Armenia remains fully committed to the peace process: Foreign Minister tells Al Jazeera

Armenian Foreign Minister Zohrab Mnatsakanyan’s interview with Al Jazeera

Question: Civilians are being caught up in this fighting. What efforts have been made to put a stop to it?

Zohrab Mnatsakanyan: This was a very dangerous development of the past days since 12th of July, when there was an attempt of infiltration by the Azerbaijani forces to the Armenian territory, to the north-east of Armenia and the use of large calibre artillery has amplified the dangers of escalation which we have now. The attempts to de-escalate are a priority now. This is what we are working for, this is what we are working with the OSCE Minsk Group Co-Chairs, which comprises France, Russia and the US. This is the priority now.

We need to de-escalate, because while Armenia has full capacity to defend, Armenia remains the security guarantor to Nagorno-Karabakh, but war is not the alternative. There is no alternative to the peaceful settlement. We remain committed to this and we will work towards the de-escalation and the establishment of the environment, the atmosphere, which helps peace and which favors the negotiating process.

Question: What kind of detail can you give us about the efforts to try to de-escalate this? What is the process that is happening and how fast is it going to happen given the fact that people are dying for this fighting is carrying on?

Zohrab Mnatsakanyan: I should say that it is encouraging that we have a relative calm over the past, I think, now it’s about 12-14 hours. We are in constant touch with the OSCE Minsk Group Co-Chairs, with Russia and other partners, United States and France. We are trying to work out the modalities that will sustain this relative calm and will re-establish the ceasefire regime – as you mentioned, a regime, which has been established in 1994, fully in force since then, the document signed by Armenia, Nagorno-Karabakh and Azerbaijan. And our priority now is to re-establish fully the ceasefire regime.

Question: It was being reported that Armenia had asked the CSTO, the Collective Security Treaty Organization, which is led by Russia, to meet on this and take action on it, but the response to that seems to have been somewhat lackluster. What was Armenia’s reaction to that response?

Zohrab Mnatsakanyan: Well, I would not agree with that assessment. Armenia is a member of the CSTO, it’s a Collective Security Treaty Organization, and with our partners we are obviously raising the questions which concern the territory of the CSTO, of which Armenia is a part. We are briefing our partners about the developments and we will raise the question as we did necessary to raise the question of collective action now. Obviously as an organization, with its Charter, we have all the instruments in our hands but we assess the situation, assess the acts as per the situation. We are in contact, we are in touch and we are consistently in dialogue with our partners in the CSTO.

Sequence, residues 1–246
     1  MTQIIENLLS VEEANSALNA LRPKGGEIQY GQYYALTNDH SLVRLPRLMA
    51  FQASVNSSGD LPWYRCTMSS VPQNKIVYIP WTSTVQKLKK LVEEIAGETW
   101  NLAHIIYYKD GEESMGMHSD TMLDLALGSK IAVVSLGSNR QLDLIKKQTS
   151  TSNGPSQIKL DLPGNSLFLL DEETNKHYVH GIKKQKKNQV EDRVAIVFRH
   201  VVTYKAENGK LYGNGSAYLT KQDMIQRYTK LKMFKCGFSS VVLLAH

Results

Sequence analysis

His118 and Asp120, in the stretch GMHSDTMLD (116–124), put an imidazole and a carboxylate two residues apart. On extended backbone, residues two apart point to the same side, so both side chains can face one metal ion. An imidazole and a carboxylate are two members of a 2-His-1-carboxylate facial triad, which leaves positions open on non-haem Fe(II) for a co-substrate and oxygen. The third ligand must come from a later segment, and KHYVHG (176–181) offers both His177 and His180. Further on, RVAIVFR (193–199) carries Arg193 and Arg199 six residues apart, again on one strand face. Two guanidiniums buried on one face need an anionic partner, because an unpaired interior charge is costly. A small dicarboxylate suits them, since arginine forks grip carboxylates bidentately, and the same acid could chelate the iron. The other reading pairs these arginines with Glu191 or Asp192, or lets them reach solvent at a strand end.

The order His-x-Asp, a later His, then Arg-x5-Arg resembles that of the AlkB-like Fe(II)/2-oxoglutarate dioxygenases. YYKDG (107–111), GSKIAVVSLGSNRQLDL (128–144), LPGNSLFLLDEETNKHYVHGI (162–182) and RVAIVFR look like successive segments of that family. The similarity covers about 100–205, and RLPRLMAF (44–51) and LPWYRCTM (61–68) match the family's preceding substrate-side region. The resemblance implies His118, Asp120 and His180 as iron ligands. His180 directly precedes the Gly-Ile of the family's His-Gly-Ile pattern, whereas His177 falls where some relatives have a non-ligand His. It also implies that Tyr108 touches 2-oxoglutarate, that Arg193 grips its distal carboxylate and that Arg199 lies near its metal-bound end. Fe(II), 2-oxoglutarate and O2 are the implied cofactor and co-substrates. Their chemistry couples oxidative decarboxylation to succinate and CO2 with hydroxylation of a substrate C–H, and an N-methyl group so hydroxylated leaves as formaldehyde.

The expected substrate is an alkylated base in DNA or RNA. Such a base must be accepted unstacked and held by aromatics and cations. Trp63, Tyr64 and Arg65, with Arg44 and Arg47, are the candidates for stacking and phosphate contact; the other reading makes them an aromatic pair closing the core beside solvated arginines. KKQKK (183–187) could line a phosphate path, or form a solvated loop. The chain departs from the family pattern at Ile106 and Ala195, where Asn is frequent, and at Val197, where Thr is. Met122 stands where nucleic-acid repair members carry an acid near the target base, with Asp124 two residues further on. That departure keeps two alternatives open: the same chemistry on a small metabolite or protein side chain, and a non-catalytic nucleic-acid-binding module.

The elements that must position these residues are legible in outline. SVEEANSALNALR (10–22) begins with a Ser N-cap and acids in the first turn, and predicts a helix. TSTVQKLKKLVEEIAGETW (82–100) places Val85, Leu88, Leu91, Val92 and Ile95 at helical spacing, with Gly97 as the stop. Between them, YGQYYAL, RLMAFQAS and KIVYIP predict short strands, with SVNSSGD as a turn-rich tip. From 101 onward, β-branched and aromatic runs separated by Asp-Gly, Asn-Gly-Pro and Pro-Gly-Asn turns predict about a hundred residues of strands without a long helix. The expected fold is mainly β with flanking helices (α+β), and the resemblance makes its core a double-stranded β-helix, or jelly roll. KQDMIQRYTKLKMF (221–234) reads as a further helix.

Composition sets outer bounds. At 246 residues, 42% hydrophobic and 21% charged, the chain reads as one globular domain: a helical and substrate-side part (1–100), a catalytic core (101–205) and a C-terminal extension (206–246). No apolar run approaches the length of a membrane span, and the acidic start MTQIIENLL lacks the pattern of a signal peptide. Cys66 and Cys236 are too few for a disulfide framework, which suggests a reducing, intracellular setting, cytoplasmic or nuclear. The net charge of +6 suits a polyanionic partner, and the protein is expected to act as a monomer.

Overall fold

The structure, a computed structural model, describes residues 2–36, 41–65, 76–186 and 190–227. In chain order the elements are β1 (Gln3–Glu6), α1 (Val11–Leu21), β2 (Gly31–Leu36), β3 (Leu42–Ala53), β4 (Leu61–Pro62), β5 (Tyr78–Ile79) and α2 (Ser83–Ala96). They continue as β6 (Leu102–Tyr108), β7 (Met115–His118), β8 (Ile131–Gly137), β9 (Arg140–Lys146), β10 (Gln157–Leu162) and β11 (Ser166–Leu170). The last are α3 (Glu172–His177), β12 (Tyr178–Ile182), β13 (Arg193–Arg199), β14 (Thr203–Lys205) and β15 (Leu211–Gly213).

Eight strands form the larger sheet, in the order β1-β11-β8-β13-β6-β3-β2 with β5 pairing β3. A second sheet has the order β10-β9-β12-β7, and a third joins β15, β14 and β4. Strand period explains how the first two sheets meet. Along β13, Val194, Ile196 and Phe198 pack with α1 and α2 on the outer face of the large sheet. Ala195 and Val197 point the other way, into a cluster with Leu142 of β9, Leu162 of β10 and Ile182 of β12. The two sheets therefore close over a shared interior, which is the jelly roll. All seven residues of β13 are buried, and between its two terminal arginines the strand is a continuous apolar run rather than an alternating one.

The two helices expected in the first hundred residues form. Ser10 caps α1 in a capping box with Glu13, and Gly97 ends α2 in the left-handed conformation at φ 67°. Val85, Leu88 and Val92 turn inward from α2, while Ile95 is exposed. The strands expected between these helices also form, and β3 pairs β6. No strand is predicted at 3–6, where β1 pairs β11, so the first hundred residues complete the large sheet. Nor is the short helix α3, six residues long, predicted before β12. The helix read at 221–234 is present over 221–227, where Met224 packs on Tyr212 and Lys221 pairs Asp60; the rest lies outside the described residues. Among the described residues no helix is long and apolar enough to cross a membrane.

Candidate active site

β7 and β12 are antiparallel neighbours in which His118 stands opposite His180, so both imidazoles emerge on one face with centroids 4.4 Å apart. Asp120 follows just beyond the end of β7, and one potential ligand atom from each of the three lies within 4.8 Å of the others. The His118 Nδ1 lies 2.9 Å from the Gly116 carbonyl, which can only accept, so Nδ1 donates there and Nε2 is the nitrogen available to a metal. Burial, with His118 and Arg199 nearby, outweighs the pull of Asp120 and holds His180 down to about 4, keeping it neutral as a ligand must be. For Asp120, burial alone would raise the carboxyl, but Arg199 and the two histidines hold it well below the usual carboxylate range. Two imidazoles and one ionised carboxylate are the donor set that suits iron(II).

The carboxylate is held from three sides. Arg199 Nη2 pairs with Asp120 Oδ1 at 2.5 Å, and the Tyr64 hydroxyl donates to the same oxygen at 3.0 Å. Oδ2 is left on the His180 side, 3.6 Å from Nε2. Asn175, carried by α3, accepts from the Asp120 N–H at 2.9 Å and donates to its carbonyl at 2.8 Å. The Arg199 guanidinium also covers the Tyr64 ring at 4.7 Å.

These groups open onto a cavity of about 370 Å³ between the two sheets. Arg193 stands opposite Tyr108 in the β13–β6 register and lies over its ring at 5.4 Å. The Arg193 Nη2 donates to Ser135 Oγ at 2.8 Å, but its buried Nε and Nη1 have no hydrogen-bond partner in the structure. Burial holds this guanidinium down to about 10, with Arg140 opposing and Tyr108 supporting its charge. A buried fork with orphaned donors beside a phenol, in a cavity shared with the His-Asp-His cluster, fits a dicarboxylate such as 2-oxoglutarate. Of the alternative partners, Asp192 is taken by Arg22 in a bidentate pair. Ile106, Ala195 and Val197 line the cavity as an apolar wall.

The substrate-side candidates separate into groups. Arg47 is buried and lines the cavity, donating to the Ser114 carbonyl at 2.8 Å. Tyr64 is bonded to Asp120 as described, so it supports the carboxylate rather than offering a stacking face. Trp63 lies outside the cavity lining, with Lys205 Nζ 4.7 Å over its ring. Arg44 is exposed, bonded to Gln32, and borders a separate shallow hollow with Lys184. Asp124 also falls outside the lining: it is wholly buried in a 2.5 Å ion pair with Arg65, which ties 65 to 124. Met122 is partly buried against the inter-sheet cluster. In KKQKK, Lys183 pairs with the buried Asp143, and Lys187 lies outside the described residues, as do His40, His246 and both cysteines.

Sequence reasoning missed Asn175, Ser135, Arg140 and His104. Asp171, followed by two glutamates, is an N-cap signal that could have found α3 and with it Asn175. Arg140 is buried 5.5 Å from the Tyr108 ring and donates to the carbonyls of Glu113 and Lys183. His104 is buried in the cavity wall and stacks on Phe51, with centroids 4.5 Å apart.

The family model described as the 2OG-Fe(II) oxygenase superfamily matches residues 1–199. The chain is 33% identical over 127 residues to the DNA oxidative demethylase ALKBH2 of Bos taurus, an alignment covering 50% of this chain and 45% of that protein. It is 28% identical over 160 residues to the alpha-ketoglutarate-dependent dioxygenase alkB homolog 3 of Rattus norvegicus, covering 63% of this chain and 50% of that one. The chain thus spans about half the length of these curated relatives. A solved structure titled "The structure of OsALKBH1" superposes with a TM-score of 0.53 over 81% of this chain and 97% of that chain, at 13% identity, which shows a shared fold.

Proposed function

Question: There were talks in 2019 to try to find some sort of solution to this situation. It’s reported that Armenia’s Prime Minister at the time has said that “Nagorno Karabakh is Armenia”, and he wanted to change the negotiation format of the talks, which essentially allegedly undermines the process of the talks. How much responsibility does Armenia carry for the failure of the stalling of these talks?

Zohrab Mnatsaknayan: Again I would rather disagree with such assessment, because the Prime Minister of Armenia has been very clear in the context of Armenia being the security guarantor for Nagorno-Karabakh, Armenia bearing responsibility for the security, very physical existential security of our compatriots in Nagorno- Karabakh.

We remain fully committed to the peace process and obviously Armenia has its development agenda, Armenia has its agenda to secure the prosperity of its nation. Nagorno-Karabakh, its population is under conditions, which are not favourable. Every attempt is made to cut them off from the world, and this is not acceptable and Armenia obviously provides every support that Nagorno-Karabakh people can live in security, and in peace, and in development. It is in that context.

However, I would underline that the Prime Minister of Armenia has been very consistent in his statements that the peace is possible when we achieve such a compromise, such a solution, which is acceptable to all people – to the people of Armenia, to the people of Nagorno-Karabakh and the people of Azerbaijan. And we are still awaiting for a reciprocation of such an approach, a compromise-based approach from the leadership in Azerbaijan, because now what we are facing is the maximalist approach, which ignores the basic fundamental priorities of Armenia and Nagorno-Karabakh.

So our position is a position of seeking and establishing a solution which is acceptable to all and we are working in that direction.

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